Parenting - Giving Children Choices. Part I

Posted on: Tue, 07/20/2021 - 16:05
By: Richard Lange, Ph.D., LPC, LCSW


Image the daily life of a child.


"Elijah, you need to get up for school now.”

“Elijah, you need to brush your teeth now!”

“Elijah, stop yelling at your sister and get down here.”

“Elijah, do you have your bookbag?  Where is your homework?”

“Elijah, you need to hurry, or you will miss the bus."


When Elijah gets to school, it starts again.


"No running on the playground!”  

“Put your pencils away now.”

“No talking in the hallway."


From the time a child gets up to when they are ready for bed, children are being told what to do. So, it's no wonder some children will rebel against this. "Stop telling me what to do!"  "I know, I know!" and the famous "You’re not the boss of me!"

These outbursts are not meant to be rude; they are reactions to a life of being told what to do all the time.  While children still need directions (children cannot be left to make all their decisions, they are simply too young), there can be minor decisions children can make on their own, ones which give them the impression that they have some say in their lives and are not always being told what to do.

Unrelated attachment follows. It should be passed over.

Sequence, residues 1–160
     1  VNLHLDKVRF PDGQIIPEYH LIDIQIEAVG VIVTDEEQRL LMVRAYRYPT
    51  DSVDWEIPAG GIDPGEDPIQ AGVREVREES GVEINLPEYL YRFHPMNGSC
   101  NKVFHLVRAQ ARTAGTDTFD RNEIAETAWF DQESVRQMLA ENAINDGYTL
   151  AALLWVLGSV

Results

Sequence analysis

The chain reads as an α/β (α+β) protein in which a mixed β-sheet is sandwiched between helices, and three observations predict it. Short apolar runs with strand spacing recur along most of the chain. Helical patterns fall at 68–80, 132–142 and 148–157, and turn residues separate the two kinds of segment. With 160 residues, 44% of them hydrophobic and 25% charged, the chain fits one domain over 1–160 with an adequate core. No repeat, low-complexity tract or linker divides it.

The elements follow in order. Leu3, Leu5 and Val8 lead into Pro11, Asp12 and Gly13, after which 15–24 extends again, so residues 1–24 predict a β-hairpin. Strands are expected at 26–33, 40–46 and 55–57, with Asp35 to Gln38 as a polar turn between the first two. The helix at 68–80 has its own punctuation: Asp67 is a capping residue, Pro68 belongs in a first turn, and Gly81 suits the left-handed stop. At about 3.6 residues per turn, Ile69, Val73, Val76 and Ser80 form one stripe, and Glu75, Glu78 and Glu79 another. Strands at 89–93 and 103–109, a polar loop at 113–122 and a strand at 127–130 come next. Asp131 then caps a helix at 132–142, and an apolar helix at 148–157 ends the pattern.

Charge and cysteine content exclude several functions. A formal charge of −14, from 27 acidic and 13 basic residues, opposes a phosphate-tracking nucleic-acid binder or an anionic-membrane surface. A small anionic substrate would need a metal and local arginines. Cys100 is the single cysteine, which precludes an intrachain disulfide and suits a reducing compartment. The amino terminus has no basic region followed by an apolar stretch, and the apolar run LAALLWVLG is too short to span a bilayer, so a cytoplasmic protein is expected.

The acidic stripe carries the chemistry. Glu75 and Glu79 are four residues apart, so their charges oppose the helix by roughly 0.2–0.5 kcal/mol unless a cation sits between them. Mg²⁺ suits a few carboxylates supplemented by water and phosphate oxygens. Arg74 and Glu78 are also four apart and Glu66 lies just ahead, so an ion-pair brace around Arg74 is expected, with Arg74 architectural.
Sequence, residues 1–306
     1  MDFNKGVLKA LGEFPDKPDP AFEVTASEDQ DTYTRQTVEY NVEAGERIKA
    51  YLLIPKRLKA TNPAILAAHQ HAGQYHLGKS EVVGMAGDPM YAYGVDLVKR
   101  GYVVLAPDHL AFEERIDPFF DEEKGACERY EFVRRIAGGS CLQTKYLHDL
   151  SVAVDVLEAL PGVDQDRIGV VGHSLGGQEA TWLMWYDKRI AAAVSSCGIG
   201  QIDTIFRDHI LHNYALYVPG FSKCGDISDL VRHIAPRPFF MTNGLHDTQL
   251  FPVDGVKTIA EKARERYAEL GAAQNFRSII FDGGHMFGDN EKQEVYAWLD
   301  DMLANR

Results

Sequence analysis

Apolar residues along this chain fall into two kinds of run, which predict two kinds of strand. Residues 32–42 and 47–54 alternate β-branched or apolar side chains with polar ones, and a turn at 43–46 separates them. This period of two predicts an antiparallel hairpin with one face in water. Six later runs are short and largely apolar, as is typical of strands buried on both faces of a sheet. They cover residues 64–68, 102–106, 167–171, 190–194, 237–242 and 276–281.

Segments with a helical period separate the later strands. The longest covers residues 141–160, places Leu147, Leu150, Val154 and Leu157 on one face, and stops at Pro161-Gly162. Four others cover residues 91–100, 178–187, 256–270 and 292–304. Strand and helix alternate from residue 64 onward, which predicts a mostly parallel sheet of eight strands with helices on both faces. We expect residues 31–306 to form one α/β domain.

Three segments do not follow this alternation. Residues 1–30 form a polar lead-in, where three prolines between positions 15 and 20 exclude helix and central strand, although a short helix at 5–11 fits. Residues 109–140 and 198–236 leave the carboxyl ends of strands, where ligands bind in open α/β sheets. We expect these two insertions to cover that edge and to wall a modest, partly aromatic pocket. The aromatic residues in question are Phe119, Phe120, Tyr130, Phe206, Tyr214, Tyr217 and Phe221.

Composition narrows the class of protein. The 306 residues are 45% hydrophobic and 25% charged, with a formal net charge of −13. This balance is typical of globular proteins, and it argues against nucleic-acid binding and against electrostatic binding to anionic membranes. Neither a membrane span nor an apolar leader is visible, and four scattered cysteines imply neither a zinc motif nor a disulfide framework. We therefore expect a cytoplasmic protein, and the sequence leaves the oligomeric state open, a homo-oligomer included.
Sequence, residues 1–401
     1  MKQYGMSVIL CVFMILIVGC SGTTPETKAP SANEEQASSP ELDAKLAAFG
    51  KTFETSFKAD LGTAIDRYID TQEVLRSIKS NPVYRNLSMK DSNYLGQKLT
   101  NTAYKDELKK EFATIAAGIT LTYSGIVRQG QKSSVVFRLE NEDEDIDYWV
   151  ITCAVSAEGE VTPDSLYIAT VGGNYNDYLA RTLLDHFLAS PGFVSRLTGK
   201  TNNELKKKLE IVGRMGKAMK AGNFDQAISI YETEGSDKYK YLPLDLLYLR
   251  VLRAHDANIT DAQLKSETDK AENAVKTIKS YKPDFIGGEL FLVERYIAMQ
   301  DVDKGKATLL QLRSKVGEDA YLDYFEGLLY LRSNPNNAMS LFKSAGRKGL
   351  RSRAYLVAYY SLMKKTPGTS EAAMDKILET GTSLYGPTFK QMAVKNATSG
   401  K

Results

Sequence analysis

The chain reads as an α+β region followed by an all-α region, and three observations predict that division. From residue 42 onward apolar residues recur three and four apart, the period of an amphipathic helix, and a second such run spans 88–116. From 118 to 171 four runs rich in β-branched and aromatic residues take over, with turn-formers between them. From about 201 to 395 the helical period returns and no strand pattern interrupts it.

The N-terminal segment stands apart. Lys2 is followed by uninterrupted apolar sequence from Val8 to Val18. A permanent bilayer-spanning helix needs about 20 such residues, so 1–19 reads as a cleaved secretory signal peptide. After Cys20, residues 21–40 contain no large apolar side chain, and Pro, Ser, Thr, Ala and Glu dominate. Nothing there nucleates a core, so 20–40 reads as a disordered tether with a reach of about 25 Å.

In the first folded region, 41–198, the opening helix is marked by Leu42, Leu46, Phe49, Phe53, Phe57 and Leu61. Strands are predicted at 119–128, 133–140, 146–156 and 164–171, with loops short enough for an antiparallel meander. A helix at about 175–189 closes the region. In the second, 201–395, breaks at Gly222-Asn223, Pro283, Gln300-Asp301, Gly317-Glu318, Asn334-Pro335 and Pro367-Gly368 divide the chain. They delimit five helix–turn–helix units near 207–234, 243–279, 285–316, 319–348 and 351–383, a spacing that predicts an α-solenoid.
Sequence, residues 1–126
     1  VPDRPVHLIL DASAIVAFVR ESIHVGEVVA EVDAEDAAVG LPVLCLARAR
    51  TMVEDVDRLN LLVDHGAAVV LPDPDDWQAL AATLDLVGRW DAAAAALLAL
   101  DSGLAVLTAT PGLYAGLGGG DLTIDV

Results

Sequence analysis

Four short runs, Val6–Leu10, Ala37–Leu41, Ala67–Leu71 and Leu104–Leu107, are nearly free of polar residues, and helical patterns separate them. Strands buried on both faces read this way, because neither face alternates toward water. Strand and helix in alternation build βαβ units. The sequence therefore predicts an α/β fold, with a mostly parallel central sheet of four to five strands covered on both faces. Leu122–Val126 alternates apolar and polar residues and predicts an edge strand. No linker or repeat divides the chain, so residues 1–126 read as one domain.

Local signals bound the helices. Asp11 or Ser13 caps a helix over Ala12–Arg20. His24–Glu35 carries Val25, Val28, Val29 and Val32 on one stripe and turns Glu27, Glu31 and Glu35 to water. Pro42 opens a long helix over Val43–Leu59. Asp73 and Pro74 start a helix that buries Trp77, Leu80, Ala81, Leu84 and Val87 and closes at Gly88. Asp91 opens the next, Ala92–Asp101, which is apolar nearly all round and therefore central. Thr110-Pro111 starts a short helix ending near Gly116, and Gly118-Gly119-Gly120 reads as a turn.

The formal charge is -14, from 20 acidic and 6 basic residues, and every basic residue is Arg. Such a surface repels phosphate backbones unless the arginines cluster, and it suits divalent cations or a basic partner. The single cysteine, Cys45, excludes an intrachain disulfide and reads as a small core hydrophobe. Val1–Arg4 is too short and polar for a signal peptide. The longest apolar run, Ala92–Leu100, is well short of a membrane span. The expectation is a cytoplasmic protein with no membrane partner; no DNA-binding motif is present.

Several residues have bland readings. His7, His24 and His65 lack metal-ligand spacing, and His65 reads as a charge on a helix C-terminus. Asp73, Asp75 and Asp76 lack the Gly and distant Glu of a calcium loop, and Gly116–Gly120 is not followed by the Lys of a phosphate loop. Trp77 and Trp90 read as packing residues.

In the next couple of articles, I will explore this topic in more depth, but to get us started, we can explore some straightforward choices that children can be given to help them feel that they have some say in their lives to feel more empowered.


Start by giving your children simple choices.

"It's time for bed. Do you want to wear your yellow pajamas or red ones?" 

"It's bath time. Do you want bubbles in the bath or not?" 

"It's time for homework. Do you to do it at the kitchen table or in your room?" 


Notice that these choices are simple, but more importantly, the parent is still in charge of the situation. Poor use of options would be "Do you want to go to bed or not?" That gives the child too much power.  Bedtime is not a choice.  Bedtime should be a regular set time (with some exceptions).  However, what pajamas they wear can be a choice.

Think about what simple things you can let your children choose. 


A shirt to go out and play: " "Do you want to wear the blue or yellow shirt." 

How to help around the house: "I need help. Do you want to sweep the floor or help me unpack these groceries?"


And schedules: "Do you want to do your homework right after school or wait until later?"


Check back soon for more parenting tips!